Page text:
The passing of a trade to the next generation still exist.
The picture about is pretty close to what happened in our kitchen, starting in July 2020.
Three things we accomplished during this Pandemic so far.
Purchase a home, remodel the home, and moved into the home.
The purchase and the move parts in were straightforward. That is no drama or shortfalls.
The exciting part of this journey was the remodeling of the complete inside of the home.
We explored several options, including hiring a general contractor. The idea soon faded when we discovered the contractors were months out because they were too many projects and not enough workers.
The only other option was managing the entire process ourselves. My wife over the year had viewed many of the home improvements shows combined with knowing exactly what she wanted in the home.
The beginning process, the kitchen.
The kitchen was a galley-style kitchen. Dark with one way in and one way out. There was a drop ceiling. So, it was very confining and not an inviting room.
The first process involved gutting the kitchen and removing the drop ceiling. The first step was to make sure that what were told prior to the purchase was in fact true, it was. We started calling around for sheetrock professionals. After getting estimates from several contractors, we select one, and the work began.
The first tradesperson and his son.
The first part of the demolition started taking several days. We give away the old kitchen cabinets and countertops. This excited us knowing that they were repurposed, and not in the dumpster. A dumpster was outside our home for several weeks. They placed the old drop ceiling and the many other components from the kitchen ceiling in the dumpster.
When the re-construction and sheetrock parts began, the first tradesperson son was amount those working on the sheet rocking parts. They returned four arched doorways to squared doorways. Many walls that had uneven sheet rock texture, requiring removal and re-texturing.
The son was there more than the dad, seems dad just got the project started.
The Dad and Mom are in their late sixties. They have three children, one still unmarried, and seven grandchildren. The son who worked on our home was in his late thirties, married with four children, three girls, and one son. I wander is any of those children will take the drywall trade.
The second tradesperson and his son.
After the drywall part of the project completed, it was time for a painter. We interviewed several painters. The first painter painted the garage floor with two-part epoxy, and the ultimate price was more than expected. The search for another painter ended with one that the drywall people knew for years.
There were three areas that required painting, the inside of the garage, the entire inside of the home, and the outside. We could complete the first two parts, the garage and the entire inside. The outside will be likely in the summer.
The painter showed up and gave us a price for the first two areas. And then said that his son would start on the garage tomorrow. He had another project to complete before starting on the inside.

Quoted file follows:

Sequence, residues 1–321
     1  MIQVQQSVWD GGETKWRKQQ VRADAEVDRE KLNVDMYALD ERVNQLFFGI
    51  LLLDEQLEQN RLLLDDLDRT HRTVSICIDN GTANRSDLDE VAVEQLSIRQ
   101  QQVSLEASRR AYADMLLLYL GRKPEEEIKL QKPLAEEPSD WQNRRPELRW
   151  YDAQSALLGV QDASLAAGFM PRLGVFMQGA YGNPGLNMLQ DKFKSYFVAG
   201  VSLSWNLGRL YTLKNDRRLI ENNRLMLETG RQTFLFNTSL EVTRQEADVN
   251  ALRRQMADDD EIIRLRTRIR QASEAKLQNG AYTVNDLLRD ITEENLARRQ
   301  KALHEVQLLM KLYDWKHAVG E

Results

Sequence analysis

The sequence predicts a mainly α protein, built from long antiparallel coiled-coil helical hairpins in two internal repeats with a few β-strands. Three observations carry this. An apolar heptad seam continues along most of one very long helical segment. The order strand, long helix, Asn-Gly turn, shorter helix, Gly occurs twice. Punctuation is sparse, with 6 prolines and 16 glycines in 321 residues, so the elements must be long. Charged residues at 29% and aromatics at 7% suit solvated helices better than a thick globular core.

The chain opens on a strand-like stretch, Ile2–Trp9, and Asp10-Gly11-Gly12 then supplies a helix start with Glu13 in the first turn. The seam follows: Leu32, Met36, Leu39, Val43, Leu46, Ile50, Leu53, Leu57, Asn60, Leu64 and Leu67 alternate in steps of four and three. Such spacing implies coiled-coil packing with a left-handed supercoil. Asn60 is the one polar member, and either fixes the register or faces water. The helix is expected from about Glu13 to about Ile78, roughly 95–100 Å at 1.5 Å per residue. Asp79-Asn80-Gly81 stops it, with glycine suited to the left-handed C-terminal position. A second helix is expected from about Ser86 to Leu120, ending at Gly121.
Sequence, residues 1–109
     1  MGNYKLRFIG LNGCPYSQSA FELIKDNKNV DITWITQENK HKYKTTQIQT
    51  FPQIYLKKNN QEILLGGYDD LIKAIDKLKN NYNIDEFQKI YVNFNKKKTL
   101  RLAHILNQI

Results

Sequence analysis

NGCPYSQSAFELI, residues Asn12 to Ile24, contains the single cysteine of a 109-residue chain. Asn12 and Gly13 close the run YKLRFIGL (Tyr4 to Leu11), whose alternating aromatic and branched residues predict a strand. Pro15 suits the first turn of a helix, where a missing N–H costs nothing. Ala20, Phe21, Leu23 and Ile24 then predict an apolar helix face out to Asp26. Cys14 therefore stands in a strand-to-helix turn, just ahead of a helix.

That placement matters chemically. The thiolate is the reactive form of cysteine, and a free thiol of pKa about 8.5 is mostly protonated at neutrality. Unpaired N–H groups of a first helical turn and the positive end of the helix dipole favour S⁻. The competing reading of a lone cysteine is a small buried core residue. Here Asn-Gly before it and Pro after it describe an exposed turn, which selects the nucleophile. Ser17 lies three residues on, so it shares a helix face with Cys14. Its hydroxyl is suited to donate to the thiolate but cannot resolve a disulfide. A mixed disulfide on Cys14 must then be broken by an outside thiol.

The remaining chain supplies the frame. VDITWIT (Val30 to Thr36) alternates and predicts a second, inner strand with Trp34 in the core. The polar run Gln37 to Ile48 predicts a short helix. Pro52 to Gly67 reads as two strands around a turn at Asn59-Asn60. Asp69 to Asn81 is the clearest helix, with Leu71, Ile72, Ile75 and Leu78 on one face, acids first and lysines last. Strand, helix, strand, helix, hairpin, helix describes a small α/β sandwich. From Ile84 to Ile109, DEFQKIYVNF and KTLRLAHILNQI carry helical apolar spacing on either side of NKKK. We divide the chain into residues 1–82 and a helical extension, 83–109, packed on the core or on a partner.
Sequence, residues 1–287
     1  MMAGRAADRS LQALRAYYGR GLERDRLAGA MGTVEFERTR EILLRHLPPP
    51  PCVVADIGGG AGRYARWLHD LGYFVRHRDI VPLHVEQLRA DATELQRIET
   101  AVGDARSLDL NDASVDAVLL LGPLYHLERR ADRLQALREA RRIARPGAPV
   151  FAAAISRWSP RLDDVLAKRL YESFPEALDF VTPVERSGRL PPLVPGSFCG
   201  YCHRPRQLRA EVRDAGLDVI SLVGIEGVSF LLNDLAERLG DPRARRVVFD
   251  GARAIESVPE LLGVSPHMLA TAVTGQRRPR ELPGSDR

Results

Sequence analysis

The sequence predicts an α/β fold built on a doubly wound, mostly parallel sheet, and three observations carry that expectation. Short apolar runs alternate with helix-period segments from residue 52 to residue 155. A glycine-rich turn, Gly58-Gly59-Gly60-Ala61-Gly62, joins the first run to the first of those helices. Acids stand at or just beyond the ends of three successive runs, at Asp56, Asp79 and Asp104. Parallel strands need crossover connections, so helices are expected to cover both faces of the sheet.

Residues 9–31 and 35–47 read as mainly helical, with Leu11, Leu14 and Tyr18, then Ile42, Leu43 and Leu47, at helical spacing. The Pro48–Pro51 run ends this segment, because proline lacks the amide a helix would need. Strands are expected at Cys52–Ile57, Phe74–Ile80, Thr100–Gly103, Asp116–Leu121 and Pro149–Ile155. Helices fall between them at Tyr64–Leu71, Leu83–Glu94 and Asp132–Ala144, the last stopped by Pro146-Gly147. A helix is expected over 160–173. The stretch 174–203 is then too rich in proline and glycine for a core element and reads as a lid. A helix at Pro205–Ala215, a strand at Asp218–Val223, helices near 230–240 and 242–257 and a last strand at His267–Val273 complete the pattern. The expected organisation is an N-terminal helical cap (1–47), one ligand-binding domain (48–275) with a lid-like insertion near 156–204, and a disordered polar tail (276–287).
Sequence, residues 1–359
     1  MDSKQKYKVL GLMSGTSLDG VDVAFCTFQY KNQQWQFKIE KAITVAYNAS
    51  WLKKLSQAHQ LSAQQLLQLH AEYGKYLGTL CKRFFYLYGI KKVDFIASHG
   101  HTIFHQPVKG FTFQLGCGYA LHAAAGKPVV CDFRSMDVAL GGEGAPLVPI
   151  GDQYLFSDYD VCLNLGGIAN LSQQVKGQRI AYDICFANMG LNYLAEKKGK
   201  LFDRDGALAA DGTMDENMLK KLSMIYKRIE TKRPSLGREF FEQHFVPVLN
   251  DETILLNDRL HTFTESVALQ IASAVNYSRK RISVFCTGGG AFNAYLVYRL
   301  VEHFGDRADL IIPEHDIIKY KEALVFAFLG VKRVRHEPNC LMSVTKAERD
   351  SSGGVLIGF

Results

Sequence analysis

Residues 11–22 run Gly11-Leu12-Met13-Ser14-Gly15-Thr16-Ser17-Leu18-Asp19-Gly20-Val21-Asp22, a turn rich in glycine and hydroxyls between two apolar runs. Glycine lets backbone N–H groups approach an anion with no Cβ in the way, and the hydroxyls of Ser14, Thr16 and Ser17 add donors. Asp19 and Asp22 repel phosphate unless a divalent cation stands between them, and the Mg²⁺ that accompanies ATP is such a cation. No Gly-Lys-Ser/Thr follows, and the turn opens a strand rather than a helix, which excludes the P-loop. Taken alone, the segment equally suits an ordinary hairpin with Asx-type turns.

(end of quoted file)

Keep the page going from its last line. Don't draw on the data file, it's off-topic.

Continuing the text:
The painter was in his mid-sixties and mentioned that he had been a painter most of his adult life. The painter was divorced and had been for many years and had a girlfriend. His son was in his thirties, unmarried, and had a son. His daughter was in her twenties, living at home. Expecting in several months, and not with the father of the child.
The third tradesperson and his son.
During the remodel process, all the rooms with carpet and several rooms with the older flooring that went into the dumpster before it left. We applied luxury Vinyl Plank Flooring to eighty percent of the home. It is easy to keep clean and has a twenty-five-year warranty. The remaining kitchen, dining, and living rooms had ceramic tile, that was life in place.
The flooring dad was in his middle forties, and his son was onsite the first day. We learned the dad had divorced ten plus years ago. The son was the dad’s only child. The son had a one-year-old son. The son and the mother of their child had not married.
The fourth tradesperson and his son.
The plumber was the fourth and last of the tradesperson who worked on our remodel. The plumbing work was in the kitchen and living room. A plumber during kitchen drop ceiling removal had to reroute and move both water and gas services. The plumber originally did most of the work with one of two assistants. They punctured one of the water lines during the kitchen cabinet install and they called the plumber. When called, he said I will send my son out there. The son was twenty years old and was practicing since he was 16 years old.
In summary and my thoughts
Two shared thoughts.
Four of the many contractors had children who were following in their parents’ trade. We like to support local when possible and were excited to see so many of the people who worked on our remodel were local independent businesses.
Half of the business’s owners were in the sixties. In conversation with them, they enjoyed their profession with plans to retire at seventy. Those with son planned to move the sons into the management of the company.
The picture below is pretty close to what our kitchen looks like today.
Thank you for reading.